The entire “snowflake” invective is predicated on the lie that any and all self-inquiry is an itch you need only scratch once and then never again; that maturity should naturally kill imagination; and any continued curiosity or self-discovery is a gratuitous luxury for fools–or flight of fancy for people with too much time on their hands.
But let’s be real honest: the only reason why stifling curiosity and entirely vilifying asking deeper questions is so important to conservatives is because the glut of their beliefs is tied to religious right pre-rational and magical thinking dogma (ie. “cus Bible says so”) that they know will disintegrate like a house of cards if probed even slightly. They can only hold it together by dispossessing people of their sovereignty, self-determination, and imagination for possibility: they need binaries, because they last thing they want is a grey area or ambiguity.
This should offend you as an acupuncturist for whom the foundation of our capacity to treat is asking questions: the “10 Asking Song” speaks to the idea that questions make better medicine than answers.
Profound curiosity for liminality, impermanence and dialogue is tucked into every corner of our medicine: the very idea of “checking a pulse” is to say that nothing is fixed: where are you today? right now, knowing it can and should change, even by the time you leave. ST-36, the most powerful acupuncture point in the body, is named “Last Third of the Mile“ because it describes the distance to the end, the struggle mid-race. That point is an inquiry into how you arrive–an offering of assistance for how you get from here to there–not a celebration of completion.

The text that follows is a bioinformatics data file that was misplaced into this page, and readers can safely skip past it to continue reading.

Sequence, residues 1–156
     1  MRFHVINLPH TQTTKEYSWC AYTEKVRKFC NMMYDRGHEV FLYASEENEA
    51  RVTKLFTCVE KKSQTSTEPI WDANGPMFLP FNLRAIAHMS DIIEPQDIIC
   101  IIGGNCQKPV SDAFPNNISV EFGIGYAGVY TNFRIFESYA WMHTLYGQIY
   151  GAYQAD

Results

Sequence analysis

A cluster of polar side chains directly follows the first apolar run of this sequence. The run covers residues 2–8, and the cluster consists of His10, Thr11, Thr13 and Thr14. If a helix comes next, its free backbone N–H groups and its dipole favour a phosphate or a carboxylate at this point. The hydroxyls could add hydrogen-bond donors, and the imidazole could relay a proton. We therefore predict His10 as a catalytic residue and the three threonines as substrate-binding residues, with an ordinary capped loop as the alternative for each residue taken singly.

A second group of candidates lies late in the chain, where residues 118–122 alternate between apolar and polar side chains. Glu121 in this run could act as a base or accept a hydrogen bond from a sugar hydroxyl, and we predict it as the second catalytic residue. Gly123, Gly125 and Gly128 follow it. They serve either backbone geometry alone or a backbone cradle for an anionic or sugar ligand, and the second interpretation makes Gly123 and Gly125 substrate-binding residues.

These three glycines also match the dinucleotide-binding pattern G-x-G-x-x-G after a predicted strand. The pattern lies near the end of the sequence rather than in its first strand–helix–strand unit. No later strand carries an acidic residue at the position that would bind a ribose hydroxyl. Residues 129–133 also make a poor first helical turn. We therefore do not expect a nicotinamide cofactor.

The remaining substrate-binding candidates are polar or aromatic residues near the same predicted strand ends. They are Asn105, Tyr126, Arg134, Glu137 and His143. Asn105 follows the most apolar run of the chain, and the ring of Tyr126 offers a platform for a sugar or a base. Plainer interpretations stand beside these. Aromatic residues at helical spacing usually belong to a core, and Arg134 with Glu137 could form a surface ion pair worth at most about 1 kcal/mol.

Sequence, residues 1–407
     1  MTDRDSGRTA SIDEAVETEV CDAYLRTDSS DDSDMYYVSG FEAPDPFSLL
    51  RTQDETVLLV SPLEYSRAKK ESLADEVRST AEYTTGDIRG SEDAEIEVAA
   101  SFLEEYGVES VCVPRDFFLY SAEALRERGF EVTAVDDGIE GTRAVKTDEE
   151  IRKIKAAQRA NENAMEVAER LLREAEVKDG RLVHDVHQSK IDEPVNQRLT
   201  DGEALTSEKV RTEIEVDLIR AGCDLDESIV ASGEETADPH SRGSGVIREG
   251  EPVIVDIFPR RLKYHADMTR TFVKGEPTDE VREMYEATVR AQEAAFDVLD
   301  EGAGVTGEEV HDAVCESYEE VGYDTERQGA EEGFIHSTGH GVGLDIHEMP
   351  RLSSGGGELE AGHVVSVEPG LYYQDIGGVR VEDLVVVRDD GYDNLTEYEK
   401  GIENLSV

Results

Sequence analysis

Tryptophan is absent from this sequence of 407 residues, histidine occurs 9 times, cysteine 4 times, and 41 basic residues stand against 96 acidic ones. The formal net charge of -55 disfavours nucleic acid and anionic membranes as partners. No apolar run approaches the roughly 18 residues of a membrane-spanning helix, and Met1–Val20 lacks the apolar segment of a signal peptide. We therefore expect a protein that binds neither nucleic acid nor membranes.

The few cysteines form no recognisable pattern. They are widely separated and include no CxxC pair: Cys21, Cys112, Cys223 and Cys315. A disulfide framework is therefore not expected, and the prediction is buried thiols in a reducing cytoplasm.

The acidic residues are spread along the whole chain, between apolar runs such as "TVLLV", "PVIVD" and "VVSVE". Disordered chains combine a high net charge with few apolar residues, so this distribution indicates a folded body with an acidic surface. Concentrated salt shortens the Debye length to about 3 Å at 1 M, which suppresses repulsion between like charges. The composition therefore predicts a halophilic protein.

And let’s not forget that the first half of the Huang Di Nei Jing, our foundational text from 2000 years ago, is the Su Wen: “the Book of Questions” between the Yellow Emperor and his physician, Qi Bo. The earliest surviving work on Chinese medicine is an imagined chitchat between a king and his doctor, just asking endless questions and shooting the shit: there is nothing more queer than that!
Our medicine is not concerned with static states of completion; with imagined finish lines and endings. Our medicine is explicitly about transness: thresholds, continuums and cycles which are perpetually rising and falling away, generating deeper and more honest inquiry, beyond binaries. Our medicine says that holding multiple truths, and watching them change and grow, is superior to marrying one final answer.
Chinese Medicine is ultimately a celebration of transition as the foundation of health; that dialogue is more important than achievement; and that allowing for movement between identities, conditions and goalposts can serve as a wiser and gentler teacher than simply striving to arrive at arbitrary endpoints.
Everything repeats and nothing lasts; the whole world is delicate, impermanent and beyond our endless imagination: this is the queer medicine you and I practice.
Happy Trans Awareness Week.
Thank you so much for this piece. As a trans non binary acupuncturist this has been something I’ve really appreciated about EA medicine, and am continually frustrated by the way the western lense desperately tries to squeeze it all into binaries. I actually wrote my dissertation on this a couple of years ago if you’d be interested in reading it.